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As we examine and develop new strategies for the changes that we can expect to see in the hospitality industry post-crisis, we are also starting to envision the world beyond the pandemic and to the new normal of radically shifted travel consumer expectations and preferences. The probability of guest technology expectations worldwide significantly changing becomes high as guests prefer a more touchless and fully mobile-enabled hospitality experience post-COVID-19. The future of hospitality has always been mobile–but COVID-19 will accelerate this trend from a nice-to-have to a must-have for hoteliers.

When it comes to leadership today, how do you stay ahead of the competition? How do you innovate in your niche? How can your team think differently when most people hold on tightly to what they know? To have a competitive advantage, it’s all about keeping your eye on the future and looking for opportunities.

Much is unknown as to when, how fast, and how the hotel industry will recover from the coronavirus pandemic. Never has there been more uncertainty around what capabilities and processes hotels will need, when they will need them, or how technology should support them.

The introduction of Instagram Stories and their real-time, ephemeral content has significantly altered the course of our social media experience, especially for the hospitality industry. Since its launch, Instagram Stories have become an integral tool for content discovery, a sense of welcome and comfort, platform engagement and deeper storytelling. With more than 500 million daily active users, Instagram Stories continue to draw in more brands, hungry consumers, and content creators.

Having been brought up in the world of hotelling, and with family and close friends who remain in the space, the last few months have served as the disruption that none of us asked for, but one that nonetheless forced us to pause for perhaps the first time in many years.



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North American Hoteliers End 2017 Strong with Healthy Gains Across All Travel Segments

11/28/2017
by TravelClick
As North American hoteliers enter the holiday season and round out the year, all travel segments are seeing a noticeable increase across the board in both average daily rates (ADR) and occupancy, up 1.4 percent and 3.9 percent respectively, during the fourth quarter of 2017, according to new data from TravelClick’s November 2017 North American Hospitality Review (NAHR).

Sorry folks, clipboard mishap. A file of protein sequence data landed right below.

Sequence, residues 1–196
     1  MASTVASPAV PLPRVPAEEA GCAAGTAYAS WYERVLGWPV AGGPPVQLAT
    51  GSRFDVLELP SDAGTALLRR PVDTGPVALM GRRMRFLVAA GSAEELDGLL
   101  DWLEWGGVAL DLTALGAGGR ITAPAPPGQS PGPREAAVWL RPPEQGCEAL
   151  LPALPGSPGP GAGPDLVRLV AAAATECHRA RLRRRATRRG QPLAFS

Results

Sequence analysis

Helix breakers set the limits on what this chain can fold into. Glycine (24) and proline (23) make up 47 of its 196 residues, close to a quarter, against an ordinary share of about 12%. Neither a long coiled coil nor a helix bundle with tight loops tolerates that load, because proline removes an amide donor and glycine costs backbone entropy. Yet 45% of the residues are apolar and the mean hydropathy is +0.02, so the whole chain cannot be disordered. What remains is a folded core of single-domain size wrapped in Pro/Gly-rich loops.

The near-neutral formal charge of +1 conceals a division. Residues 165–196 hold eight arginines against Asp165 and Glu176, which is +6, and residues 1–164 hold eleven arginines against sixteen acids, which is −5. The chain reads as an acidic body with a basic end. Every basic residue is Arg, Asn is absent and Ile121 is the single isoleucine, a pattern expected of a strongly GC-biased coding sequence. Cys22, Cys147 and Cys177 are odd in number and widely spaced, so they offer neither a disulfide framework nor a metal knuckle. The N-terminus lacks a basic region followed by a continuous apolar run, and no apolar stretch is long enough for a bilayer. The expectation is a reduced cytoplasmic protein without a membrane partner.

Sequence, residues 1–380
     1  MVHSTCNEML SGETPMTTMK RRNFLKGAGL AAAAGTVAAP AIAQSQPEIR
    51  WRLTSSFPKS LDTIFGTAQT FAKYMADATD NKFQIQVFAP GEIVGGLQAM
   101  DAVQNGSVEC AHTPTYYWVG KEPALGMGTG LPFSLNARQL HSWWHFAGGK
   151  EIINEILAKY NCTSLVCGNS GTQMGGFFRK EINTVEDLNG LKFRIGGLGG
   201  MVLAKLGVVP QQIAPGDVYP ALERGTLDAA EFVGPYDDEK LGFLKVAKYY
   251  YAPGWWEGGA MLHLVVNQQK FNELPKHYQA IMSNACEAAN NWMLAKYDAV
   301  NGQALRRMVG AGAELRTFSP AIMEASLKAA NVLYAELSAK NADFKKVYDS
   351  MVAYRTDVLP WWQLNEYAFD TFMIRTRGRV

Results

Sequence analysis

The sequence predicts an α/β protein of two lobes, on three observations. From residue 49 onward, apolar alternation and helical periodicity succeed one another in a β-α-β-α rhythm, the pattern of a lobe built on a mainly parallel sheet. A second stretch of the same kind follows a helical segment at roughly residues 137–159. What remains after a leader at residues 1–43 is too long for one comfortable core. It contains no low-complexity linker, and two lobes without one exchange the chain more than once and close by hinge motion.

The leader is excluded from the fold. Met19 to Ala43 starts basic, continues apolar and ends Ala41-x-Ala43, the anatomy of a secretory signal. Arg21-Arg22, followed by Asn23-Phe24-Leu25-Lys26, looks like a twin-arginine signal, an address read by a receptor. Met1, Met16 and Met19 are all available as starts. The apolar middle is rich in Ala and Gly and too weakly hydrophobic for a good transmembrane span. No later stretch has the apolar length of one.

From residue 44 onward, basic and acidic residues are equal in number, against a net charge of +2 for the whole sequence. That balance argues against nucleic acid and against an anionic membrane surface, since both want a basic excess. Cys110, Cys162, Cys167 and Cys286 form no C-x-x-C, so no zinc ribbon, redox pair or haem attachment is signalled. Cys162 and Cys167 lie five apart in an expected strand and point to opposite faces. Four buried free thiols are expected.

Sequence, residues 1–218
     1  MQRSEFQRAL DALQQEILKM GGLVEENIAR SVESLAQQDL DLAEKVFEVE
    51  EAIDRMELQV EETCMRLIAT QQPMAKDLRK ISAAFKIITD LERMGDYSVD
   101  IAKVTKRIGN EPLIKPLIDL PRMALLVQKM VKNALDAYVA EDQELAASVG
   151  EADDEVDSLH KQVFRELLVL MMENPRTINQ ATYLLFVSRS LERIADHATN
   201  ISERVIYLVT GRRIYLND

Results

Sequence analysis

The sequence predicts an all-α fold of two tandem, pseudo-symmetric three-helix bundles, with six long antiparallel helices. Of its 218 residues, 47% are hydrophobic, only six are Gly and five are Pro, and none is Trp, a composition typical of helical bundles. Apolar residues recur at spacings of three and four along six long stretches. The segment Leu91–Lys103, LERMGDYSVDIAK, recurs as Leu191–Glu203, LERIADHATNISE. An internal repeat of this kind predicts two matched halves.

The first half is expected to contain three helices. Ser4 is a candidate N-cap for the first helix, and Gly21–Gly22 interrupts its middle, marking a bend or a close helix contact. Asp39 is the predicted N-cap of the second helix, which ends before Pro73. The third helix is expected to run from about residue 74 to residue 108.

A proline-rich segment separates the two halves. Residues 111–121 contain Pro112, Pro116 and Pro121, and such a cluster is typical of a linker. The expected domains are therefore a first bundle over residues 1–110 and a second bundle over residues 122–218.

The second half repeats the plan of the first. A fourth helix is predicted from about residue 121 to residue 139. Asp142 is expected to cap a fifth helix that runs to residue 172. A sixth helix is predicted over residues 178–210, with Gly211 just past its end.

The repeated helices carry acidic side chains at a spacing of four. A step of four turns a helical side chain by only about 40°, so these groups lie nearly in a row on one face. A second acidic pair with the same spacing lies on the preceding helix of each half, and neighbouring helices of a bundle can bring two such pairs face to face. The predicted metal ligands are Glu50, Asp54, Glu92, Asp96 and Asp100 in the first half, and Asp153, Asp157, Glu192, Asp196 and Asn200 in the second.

Hoteliers are also experiencing a particularly strong uptick when it comes to bookings for both the group and transient leisure segments, up 5.5 percent and 4.3 percent respectively – largely a result of favorable economic trends, coupled with an increase in holiday travel this year. Additionally, ADR is up 1.9 percent for group travel and 0.5 percent for transient leisure travel overall. 
 
“Significant revenue per available room (RevPAR) growth accompanies these year-end increases in ADR and bookings, and hoteliers should relish in the current state of the industry and enjoy the holiday boost consequently,” said John Hach, TravelClick’s senior industry analyst. “This last quarter has given hoteliers much promise heading into the New Year, especially considering the inconsistent market that we experienced throughout most of 2017.”
 
Twelve-Month Outlook (November 2017 – October 2018)
For the next 12 months (November 2017 – October 2018), transient bookings are up 4.6 percent year-over-year, and ADR for this segment is up 1.1 percent. When broken down further, the transient leisure (discount, qualified and wholesale) segment is up an impressive 7.6 percent, and ADR is up 0.7 percent. 
 
Additionally, the transient business (negotiated and retail) segment is up 1.4 percent, and ADR is up 2.6 percent. Lastly, group bookings are up 1.0 percent in committed room nights* over the same time last year, and ADR is up 1.8 percent.
 
“While these fourth-quarter numbers are a breath of fresh air, hoteliers shouldn’t lose sight of the preparations that are needed for the post-holiday season, especially given the weakness in first-quarter 2018 group committed occupancy,” added Hach. 
 
“Given this news, hoteliers need to make proactive decisions and take advantage of business intelligence tools and forward-looking data so that they can plan accordingly in the coming months and stay ahead of the competition in 2018 and beyond.”



 
The November NAHR looks at group sales commitments and individual reservations in the 25 major North American markets for hotel stays that are booked by November 1, 2017, for the period of November 2017 to October 2018.
 
*Committed Occupancy – (Transient rooms reserved + group rooms committed) / capacity
 
The fourth quarter combines historical data from October and forward-looking data from November and December.
About The Author
TravelClick




 
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